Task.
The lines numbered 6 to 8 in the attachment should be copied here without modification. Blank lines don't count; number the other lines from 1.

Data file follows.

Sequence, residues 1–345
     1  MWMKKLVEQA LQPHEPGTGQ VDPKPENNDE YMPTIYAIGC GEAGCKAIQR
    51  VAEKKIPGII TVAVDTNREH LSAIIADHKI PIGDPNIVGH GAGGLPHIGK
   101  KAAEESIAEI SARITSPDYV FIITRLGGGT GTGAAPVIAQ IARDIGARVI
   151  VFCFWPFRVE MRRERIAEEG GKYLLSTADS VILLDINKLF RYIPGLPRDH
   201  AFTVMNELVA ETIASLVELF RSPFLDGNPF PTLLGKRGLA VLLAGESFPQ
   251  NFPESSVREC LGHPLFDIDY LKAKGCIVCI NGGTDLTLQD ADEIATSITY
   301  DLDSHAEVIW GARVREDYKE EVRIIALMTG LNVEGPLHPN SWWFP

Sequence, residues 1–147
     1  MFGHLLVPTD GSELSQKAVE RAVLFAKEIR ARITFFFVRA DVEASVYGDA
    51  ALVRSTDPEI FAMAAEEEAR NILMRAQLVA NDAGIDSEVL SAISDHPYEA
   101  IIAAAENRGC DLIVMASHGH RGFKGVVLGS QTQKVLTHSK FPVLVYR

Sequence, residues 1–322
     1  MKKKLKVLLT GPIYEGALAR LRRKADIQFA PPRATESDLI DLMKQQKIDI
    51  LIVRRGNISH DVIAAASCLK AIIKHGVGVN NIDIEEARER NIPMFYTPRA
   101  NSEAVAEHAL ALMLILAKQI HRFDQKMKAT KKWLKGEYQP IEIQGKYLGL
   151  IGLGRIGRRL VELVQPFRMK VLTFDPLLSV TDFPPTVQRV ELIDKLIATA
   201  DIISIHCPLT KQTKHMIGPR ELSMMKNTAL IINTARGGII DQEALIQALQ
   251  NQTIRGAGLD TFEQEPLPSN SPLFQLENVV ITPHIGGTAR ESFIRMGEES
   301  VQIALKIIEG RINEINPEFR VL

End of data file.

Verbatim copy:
   201  AFTVMNELVA ETIASLVELF RSPFLDGNPF PTLLGKRGLA VLLAGESFPQ
   251  NFPESSVREC LGHPLFDIDY LKAKGCIVCI NGGTDLTLQD ADEIATSITY
   301  DLDSHAEVIW GARVREDYKE EVRIIALMTG LNVEGPLHPN SWWFP